[Editor's Note: The following piece is the second in a four-part dialogue between Tillman and Kalt. Tillman's opening piece can be found here, Tillman's reply to this response can be found here, and Kalt's final rejoinder can be found here.]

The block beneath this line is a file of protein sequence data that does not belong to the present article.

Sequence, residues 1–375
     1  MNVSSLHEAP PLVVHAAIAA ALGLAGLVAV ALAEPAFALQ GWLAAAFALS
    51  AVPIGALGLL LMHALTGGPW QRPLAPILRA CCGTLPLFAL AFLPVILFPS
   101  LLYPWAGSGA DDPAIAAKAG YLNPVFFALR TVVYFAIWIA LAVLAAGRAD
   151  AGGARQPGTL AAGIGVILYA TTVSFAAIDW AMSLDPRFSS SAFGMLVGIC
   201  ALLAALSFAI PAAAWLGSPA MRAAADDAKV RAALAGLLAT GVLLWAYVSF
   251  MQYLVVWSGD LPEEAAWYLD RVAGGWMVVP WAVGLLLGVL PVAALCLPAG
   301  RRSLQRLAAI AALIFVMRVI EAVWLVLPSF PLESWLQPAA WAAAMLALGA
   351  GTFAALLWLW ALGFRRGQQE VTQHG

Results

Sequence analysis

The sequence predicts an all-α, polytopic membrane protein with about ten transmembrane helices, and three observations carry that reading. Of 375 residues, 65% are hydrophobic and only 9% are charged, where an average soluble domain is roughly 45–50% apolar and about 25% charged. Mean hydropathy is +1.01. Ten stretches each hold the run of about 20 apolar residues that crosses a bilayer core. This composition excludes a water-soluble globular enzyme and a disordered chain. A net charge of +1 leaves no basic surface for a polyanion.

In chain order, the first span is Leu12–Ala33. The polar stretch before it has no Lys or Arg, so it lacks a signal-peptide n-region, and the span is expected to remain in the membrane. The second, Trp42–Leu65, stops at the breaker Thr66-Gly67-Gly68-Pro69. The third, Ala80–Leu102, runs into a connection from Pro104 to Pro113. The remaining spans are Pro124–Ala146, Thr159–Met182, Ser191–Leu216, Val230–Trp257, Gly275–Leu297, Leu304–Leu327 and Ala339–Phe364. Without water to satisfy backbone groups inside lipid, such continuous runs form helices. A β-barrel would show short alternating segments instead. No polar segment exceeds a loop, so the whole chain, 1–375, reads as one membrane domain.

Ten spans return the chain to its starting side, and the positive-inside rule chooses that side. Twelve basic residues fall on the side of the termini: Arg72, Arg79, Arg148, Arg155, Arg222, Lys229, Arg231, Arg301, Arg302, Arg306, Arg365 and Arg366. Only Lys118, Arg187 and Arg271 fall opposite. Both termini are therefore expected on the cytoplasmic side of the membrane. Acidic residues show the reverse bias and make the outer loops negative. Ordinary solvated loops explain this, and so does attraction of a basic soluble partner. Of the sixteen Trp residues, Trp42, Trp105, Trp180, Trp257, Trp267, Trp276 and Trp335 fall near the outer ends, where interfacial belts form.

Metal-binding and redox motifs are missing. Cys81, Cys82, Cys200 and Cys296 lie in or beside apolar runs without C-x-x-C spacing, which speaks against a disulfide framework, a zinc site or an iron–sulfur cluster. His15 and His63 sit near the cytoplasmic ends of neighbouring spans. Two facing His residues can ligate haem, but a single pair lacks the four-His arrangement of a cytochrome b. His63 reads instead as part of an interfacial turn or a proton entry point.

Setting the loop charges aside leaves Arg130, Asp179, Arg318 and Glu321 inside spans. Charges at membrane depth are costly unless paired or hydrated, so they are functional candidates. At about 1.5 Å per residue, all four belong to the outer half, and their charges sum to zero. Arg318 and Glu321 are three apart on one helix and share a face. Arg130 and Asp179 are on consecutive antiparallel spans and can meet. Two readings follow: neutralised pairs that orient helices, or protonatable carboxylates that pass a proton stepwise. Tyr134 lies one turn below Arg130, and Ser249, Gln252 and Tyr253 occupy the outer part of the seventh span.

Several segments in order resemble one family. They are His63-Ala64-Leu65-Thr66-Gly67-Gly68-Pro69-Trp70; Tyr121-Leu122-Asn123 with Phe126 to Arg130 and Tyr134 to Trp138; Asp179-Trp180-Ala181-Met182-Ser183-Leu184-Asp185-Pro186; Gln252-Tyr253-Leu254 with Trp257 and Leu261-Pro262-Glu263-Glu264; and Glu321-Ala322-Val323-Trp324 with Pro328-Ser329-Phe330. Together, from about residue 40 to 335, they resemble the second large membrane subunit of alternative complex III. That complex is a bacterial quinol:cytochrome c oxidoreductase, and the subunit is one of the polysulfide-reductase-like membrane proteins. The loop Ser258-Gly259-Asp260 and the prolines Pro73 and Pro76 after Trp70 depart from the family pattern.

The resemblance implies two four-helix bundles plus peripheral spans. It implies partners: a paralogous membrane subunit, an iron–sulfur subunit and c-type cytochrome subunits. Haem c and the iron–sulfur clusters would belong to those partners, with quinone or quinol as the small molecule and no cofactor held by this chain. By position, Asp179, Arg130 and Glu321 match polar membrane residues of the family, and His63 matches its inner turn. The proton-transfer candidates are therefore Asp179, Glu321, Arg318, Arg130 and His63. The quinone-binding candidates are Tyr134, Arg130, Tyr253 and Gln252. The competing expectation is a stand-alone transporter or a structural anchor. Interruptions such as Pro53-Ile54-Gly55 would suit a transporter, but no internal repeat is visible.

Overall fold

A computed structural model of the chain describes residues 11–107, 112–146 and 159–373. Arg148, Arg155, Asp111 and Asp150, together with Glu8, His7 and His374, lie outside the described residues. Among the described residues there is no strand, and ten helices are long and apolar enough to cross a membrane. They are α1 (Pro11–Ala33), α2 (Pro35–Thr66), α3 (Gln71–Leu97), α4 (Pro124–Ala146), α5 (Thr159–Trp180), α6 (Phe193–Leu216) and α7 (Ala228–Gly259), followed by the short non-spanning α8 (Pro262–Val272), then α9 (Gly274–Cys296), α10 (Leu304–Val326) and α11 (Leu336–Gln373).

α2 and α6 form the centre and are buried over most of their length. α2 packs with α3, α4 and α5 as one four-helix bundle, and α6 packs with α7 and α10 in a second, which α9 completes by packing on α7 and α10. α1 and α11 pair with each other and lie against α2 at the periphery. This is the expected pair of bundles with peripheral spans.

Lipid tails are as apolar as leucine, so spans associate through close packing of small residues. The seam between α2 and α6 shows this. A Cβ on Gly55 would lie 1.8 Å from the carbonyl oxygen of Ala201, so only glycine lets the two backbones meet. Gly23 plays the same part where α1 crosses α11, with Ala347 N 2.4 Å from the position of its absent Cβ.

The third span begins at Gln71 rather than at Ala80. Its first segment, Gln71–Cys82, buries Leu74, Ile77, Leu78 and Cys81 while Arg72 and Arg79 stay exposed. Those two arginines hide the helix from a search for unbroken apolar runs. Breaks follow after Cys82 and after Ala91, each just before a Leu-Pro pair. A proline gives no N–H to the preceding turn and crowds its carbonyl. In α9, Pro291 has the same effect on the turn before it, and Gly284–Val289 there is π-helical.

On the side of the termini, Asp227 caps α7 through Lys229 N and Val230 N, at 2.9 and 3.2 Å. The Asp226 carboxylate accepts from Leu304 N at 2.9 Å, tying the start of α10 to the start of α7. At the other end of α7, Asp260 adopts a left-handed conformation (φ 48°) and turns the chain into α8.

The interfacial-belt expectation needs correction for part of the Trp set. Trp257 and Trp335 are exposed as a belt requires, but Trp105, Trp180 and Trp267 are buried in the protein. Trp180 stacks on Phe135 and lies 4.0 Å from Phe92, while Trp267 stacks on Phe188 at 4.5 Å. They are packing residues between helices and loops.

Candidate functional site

The federal appointment process has degenerated in recent decades. As the Senate has become more comfortable ignoring nominations instead of rejecting them, Presidents have become more comfortable pushing their recess-appointment powers to their fullest extent—and perhaps beyond. In his piece on the Recess Appointments Clause, Seth Barrett Tillman offers a clever way for the Senate to respond, which I will call the "Tillman adjournment." This response suggests some reasons why the Senate is unlikely to try a Tillman adjournment. In brief, the tactic suffers from both constitutional problems and even deeper practical problems.